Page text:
while (<CONDITION>){
  <ACTION TO BE PERFORMED WHILE CONDITION IS TRUE>
}
 

Let’s simulate the dice-rolling scenario above and count how many rolls it take to get our first doubles.

# First we create a logical variable called `doubles` that states whether a doubles 
# has yet been rolled.  We initialize it to `FALSE`:

doubles <- FALSE

# We also want to keep track of how many rolls we've done.  We'll create a `counter` 
# variable and initialize it to 0.  We'll then increment it after each roll.

counter <- 0

# We're going to simulate a dice roll within the body of the loop, but only if we haven't
# yet gotten a doubles.  We should therefore only enter the loop while the `doubles` value
# is `FALSE`.  (If `doubles` is `FALSE`, then `!doubles` is `TRUE`.)

while(!doubles){
  
  # We roll the dice by generating a random integer from 1 to 6 for each die:
  
  die1 <- sample(1:6, 1)
  die2 <- sample(1:6, 1)
  
  # Since we just rolled the dice, we have to increment `counter`:
  
  counter <- counter + 1
  
  # Now we check whether we rolled a doubles, and if so, we change the value of `doubles`
  # to `TRUE`.  This means `!doubles` would be `FALSE`, and the loop would end.
  
  if (die1 == die2){
    doubles <- TRUE
  }
}

# Now we check the final value of `counter` to see how many rolls we needed to get a
# doubles:

counter
## [1] 1

We could even run this experiment 1000 times and store the results in a pre-allocated output vector:

num_rolls <- 1000
results <- rep(NA, num_rolls)

for (i in 1:num_rolls){
  
  doubles <- FALSE
  counter <- 0

  while(!doubles){
    
    die1 <- sample(1:6, 1)
    die2 <- sample(1:6, 1)
    
    counter <- counter + 1
    
    if (die1 == die2){
      doubles <- TRUE
    }
  }
  
  results[i] <- counter
  
}

Now it would be fun to examine some of the statistics:

mean(results)
## [1] 6.295
min(results)
## [1] 1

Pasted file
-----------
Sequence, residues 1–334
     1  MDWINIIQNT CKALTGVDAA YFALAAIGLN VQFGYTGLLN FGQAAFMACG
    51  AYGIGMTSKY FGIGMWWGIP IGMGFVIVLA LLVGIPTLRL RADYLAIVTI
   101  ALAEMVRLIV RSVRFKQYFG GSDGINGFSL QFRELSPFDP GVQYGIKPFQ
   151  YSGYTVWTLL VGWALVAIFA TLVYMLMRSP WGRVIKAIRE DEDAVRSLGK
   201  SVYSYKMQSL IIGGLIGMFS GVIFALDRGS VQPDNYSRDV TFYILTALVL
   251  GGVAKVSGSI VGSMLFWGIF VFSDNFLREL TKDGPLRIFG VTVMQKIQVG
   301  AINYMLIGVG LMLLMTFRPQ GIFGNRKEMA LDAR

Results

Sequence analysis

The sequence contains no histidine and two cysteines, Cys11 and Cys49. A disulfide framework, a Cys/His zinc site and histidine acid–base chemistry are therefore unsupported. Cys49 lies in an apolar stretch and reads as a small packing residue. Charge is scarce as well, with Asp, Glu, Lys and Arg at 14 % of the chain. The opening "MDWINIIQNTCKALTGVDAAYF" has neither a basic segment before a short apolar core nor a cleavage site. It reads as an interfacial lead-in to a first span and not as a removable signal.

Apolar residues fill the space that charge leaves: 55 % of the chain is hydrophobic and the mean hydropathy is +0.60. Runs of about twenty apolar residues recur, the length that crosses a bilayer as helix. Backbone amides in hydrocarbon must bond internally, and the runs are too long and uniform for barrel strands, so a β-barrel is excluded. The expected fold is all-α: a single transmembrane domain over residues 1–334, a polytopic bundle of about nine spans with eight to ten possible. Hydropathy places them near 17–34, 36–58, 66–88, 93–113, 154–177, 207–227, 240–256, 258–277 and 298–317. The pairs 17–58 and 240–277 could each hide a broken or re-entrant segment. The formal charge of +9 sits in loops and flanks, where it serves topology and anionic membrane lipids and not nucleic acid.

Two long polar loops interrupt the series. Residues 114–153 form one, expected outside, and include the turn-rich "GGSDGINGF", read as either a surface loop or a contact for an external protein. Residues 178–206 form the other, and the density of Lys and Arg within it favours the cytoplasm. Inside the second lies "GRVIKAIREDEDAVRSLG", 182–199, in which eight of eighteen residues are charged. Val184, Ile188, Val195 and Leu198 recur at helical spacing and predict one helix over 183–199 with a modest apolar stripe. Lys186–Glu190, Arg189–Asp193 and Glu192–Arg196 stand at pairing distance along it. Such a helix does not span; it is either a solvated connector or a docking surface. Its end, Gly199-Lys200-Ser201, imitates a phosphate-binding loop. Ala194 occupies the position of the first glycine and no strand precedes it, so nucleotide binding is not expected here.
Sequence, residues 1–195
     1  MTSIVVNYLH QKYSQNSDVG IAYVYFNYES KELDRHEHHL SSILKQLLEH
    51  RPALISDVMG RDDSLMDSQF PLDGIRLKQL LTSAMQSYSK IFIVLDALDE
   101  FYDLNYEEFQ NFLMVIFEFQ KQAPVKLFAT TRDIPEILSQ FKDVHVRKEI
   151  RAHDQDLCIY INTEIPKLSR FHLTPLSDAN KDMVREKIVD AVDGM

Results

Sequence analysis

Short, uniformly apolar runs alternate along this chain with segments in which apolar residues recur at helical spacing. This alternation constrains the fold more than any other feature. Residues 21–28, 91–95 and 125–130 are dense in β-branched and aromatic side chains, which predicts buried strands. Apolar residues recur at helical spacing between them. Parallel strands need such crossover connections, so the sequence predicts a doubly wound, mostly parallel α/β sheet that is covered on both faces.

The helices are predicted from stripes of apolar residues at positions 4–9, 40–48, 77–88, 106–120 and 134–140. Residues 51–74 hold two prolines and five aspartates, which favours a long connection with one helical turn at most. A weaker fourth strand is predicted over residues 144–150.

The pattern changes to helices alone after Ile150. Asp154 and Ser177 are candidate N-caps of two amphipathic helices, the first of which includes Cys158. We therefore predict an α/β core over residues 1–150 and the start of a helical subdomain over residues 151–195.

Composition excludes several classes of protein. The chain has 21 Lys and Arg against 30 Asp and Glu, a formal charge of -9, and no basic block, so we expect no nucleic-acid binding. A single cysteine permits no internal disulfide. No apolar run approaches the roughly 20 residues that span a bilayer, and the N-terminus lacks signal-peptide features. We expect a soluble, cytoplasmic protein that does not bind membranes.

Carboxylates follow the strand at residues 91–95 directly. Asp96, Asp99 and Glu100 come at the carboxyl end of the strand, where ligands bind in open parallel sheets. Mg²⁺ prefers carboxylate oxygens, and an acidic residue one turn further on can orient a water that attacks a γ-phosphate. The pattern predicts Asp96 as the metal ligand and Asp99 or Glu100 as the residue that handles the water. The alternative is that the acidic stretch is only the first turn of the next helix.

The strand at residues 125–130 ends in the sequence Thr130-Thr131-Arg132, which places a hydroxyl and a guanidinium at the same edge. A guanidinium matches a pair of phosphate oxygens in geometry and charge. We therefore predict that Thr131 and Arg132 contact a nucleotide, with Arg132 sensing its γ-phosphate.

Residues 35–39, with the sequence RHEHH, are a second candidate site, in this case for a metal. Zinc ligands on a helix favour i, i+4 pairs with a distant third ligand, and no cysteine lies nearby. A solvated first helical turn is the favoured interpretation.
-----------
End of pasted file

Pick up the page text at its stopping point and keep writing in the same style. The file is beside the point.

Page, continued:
max(results)
## [1] 37

On average, it took about 6 rolls to get a doubles. This makes sense - there are 36 possible rolls of the dice, 6 of which are doubles, so the probability of rolling a doubles is 1/6. We would thus expect to get a doubles about once every six rolls.

It looks like we also got a doubles on our first roll at least one time, and, amazingly, it once took 37 rolls to get a doubles!


The collection of programming constructs we saw in this chapter is very far from comprehensive, and they were mostly presented without a concern for computational efficiency or even best coding practices. However, you can go a long way with print-to-screen commands, conditional statements, user-defined functions, and loops.

4.4.1 Exercises

  1. Write a loop that prints the first 15 perfect squares to the screen. (A perfect square is a number with an integer square root, such as 36, 81, etc). Do this using the print function and then again using the cat function. What do you notice about the difference between the outputs.

  2. Write a function that accepts a positive integer n as input and returns the sum of the first n perfect squares. (For example, if n is 4, the function would return 30, which is the value of \(1^2+2^2+3^2+4^2\).)

  3. How likely is rolling a 9 on a pair of six-sided dice? Answer this question by simulating 1000 dice rolls, keeping track of the number of times you roll a 9. Then find the percentage of times you rolled a 9.

  4. Write a loop that prints the number of NAs in each column of msleep.

  5. Re-do the previous exercise, but instead of printing the number of NAs in each column, create an ouput vector that stores each number of NAs in its entries. Remember to pre-allocate space for this vector.

  6. A random walk is a statistical process that, in its simplest form, can be described as follows: “Start on a number line at 0. Flip a coin. If you get heads, step one unit to the right. If you get tails, step one unit to the left. Then repeat.” Use a while loop to simulate this random walk, and stop it the first time the walker reaches 5 on the number line. How many steps did it take?

  7. Write a function that accepts an n value as input and then performs the random walk from the previous exercise n times. Accumulate a pre-allocated vector of length n that stores the number of steps required to reach 5 in each of your n random walks. The output of your function should be a printed sentence that states the mean, maximum, and minimum values of this vector.

  8. In the random walk from the previous two exercises, there was a 50-50 chance of stepping left or right. Repeat the previous two exercises, but try to think of a way to make the chances of stepping right 75% and the chances of stepping left 25%. What do you predict will happen when you count the number of steps required to reach 5?